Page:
What Do You Say? (youtube)
On the 7th of August 1981, after three intermittent years of existence, Pulp found themselves in a semi-detached council house in Handsworth, belonging to car mechanic Ken Patten. By all accounts it was fairly typical for a council house occupied by a couple in their mid 50s – tidy, polite and suburban, no shoes allowed on the carpet – apart from the fact that it doubled up as a recording studio, going by the name of “Studio Electrophonique.” Guitars were set up in the living room, the mixing deck was in the kitchen, and upstairs in the master bedroom was a room for live performance, equipped with a Simmons electric drum kit (a real drum kit would’ve been too noisy for Ken’s wife to bear.) This strange space was the closest thing Sheffield had to a professional recording studio, and therefore boasted early recordings of artists like The Future (who later became The Human league) and Vice Versa (who later became ABC.)
That day, Pulp recorded four tracks. Three would end up being re-recorded for the John Peel session later that year, and one of those three would make it to their debut album nearly two years later. “What Do You Say,” the remaining track, was released early in 1982 on the compilation “Your Secret’s Safe With Us” – Pulp’s first appearance on vinyl, and their earliest full recording in circulation.
1981 was an odd time for the music scene in Sheffield. In the late 70s post-punk boom acts like Cabaret Voltaire and 2.3 had taken the “anyone can do it” attitude and used it to create sounds more jarring and original than any “punk” band in London. Cleaned up, popularised, Sheffield bands would go on to create much of the sounds of the 80s. By ’81, former stars like the aforementioned Human League and ABC had travelled south, now on major labels, ready to break into the big time. The acts who remained sounded darker, nastier, harder. To me it sounds like a funny time to be joining a scene – like arriving at a party too late, when everyone is sleepy or belligerently drunk – and a fun band with upbeat songs about Shakespeare, Martians and crabs must have seemed out of step.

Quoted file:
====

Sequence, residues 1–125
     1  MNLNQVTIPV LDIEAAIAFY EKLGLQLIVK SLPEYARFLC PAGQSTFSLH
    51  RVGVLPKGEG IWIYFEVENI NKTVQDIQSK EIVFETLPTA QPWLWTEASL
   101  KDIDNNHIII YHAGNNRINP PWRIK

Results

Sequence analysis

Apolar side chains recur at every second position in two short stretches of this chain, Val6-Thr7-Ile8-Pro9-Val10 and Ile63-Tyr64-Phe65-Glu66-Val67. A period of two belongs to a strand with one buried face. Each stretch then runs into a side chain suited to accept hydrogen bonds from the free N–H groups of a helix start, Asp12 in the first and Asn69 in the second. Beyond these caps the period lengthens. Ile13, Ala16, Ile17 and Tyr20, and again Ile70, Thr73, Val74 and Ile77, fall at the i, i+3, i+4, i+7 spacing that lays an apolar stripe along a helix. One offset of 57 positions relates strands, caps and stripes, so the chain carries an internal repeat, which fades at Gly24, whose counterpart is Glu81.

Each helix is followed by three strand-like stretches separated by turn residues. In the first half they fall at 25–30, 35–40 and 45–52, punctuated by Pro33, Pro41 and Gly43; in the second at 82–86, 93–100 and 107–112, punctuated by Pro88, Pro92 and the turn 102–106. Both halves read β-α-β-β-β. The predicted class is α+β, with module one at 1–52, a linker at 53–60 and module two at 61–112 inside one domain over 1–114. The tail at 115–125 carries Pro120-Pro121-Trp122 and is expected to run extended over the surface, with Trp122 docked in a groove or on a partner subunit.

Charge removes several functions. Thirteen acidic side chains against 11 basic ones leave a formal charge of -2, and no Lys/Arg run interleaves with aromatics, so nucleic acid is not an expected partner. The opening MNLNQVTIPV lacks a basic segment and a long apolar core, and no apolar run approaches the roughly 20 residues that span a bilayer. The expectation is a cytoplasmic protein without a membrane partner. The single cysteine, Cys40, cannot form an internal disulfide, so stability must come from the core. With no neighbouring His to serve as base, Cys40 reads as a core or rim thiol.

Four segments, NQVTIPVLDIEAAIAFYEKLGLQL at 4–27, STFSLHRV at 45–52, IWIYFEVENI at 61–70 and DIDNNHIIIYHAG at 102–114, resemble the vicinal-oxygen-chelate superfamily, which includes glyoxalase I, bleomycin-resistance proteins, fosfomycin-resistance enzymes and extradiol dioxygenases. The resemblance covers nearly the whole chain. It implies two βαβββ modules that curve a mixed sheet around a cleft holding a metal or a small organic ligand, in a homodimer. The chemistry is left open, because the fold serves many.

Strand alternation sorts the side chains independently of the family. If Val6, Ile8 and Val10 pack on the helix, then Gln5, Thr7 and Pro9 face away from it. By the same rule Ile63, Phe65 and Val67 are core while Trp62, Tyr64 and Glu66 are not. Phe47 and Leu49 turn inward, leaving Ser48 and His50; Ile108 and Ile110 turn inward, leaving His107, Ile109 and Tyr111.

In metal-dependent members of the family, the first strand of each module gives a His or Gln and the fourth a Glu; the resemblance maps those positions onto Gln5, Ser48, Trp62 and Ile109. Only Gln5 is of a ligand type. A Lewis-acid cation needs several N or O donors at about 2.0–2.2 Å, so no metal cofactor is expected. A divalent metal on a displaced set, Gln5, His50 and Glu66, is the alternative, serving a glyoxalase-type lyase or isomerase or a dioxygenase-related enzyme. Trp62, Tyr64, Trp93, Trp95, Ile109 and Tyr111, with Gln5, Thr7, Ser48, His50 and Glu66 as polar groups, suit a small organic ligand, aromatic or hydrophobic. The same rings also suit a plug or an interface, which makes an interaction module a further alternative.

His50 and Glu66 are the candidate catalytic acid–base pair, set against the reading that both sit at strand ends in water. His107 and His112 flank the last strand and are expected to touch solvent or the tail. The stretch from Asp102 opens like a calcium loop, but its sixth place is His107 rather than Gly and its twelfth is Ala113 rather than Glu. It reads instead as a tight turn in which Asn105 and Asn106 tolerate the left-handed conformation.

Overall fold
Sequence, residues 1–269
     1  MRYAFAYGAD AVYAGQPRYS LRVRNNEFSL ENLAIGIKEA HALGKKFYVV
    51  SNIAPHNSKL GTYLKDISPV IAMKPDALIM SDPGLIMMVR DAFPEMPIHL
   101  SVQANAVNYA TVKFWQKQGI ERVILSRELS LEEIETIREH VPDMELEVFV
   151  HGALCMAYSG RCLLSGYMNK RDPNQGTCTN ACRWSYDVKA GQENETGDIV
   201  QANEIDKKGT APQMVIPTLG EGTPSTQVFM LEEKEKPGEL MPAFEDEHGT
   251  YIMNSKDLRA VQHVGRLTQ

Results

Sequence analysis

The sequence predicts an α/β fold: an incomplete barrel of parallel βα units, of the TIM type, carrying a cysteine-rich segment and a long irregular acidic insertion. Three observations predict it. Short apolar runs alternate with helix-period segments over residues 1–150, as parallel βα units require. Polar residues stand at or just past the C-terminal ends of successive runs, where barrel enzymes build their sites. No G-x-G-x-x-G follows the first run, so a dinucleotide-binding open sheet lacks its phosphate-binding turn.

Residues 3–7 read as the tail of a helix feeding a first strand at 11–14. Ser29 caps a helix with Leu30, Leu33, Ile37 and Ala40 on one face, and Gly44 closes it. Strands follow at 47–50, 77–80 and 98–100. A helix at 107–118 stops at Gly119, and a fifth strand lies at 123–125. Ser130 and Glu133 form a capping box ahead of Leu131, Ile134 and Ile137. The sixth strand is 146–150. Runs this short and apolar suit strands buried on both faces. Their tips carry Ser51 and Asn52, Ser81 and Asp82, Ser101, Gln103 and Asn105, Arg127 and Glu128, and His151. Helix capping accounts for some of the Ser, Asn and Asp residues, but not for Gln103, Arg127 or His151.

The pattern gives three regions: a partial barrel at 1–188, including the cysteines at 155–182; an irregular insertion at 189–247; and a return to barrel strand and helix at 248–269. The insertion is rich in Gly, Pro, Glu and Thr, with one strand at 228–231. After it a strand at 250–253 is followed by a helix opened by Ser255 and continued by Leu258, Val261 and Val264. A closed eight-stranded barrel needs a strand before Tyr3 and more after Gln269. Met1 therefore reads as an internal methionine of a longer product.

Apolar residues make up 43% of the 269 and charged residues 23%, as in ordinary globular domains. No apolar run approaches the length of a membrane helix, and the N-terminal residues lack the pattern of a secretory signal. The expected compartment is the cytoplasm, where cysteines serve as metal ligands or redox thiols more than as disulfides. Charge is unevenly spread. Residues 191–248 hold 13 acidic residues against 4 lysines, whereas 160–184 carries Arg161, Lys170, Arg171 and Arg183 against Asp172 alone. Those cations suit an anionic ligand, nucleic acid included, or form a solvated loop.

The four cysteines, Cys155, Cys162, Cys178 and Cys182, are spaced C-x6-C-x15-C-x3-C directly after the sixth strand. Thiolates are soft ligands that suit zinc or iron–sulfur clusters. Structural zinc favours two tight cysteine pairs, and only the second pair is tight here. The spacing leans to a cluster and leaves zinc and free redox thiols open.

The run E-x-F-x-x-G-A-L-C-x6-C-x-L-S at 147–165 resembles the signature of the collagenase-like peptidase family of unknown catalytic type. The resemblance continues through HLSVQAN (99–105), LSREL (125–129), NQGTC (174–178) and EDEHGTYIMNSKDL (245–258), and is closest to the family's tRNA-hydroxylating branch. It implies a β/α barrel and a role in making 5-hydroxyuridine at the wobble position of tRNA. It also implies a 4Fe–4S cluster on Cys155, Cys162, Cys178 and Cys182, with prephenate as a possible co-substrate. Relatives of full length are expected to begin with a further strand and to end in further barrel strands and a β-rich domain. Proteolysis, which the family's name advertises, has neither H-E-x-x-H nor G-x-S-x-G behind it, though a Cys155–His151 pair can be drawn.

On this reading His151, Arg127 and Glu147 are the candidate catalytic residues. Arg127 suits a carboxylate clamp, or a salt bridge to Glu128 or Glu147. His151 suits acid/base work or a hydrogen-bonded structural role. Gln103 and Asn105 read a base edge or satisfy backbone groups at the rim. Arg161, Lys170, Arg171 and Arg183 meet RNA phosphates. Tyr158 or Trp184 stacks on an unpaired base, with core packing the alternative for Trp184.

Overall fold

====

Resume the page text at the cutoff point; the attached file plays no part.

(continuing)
‘What do You Say?’ is a step towards the consensus. It doesn’t sound particularly like Artery or The Comsat Angels, but more like a much faster version of something off The Cure’s second LP ‘Seventeen Seconds’, one of the albums which started the goth movement. As we will see with the next few tracks, the band seemed to be playing with every different post-punk sound they could find, and this is perhaps the most straightforwardly post-punk of all.
It might not be particularly original, but it’s really not that bad. The melody itself is quite simple, but each note of Jarvis and Dolly’s guitar lines echos both backwards and forwards, overlapping and intertwining to produce a wall of jangling, stuttering pulses. Holding it together there’s Jamie Pinchbeck’s underlying jerking, pushy bass rhythm, allowed its own brief solo, and a basic 1-2-1-2-drum-fill rhythm from the band’s new drummer, 15-year old Wayne Furniss, who was finding it hard getting to grips with his first electric drum set. Everyone sounds like they’re just barely able to keep time with each-other, but somehow the whole thing holds together.
The lyrics, meanwhile, are pretty much textbook sci-fi horror stuff.
Woke up in the morning
Raised my head still yawning
Well I was in for a surprise
Stumbled to the mirror
Realised in horror
The face that stared back wasn’t mine
A little clunky, yes, with slightly forced rhymes and an extra syllable in “realised” needed to make the line scan, but novel enough a concept to make the song stand out. Unfortunately it doesn’t really go anywhere from there, the remainder of the song being spent exploring fruitlessly the different angles he can take on the problem – the protagonist’s “sudden facial change” (to rhyme with “strange”) is not noticed by anyone else, he is concerned that he’s now a ‘stranger’ (to rhyme with ‘danger’) and in the end we finish with
And so I rest my case
I don’t want another’s face
Fortunately the lyrics are not that important here, the sound is the main thing. This was, after all, one of the tracks that convinced John Peel to grant the group a session, but more on that later.
For those that are interested in the Sheffield post-punk scene, I would recommend Made In Sheffield, and Beats Working For A Living, a DVD and book which tell the story in detail. You can find them on the sidebar to the right of the page. If you don’t have time for those, I’ve made a mix to introduce the music of the time. Made In Sheffield describes it as “the birth of electronic pop” – which is (perhaps) right, but the story is a good deal more strange and interesting than that. You can listen here – http://lastnightadjkilledmydog.libsyn.com/meanwhile-in-sheffield-part-1-1977-1981 – just click the ‘pod’ button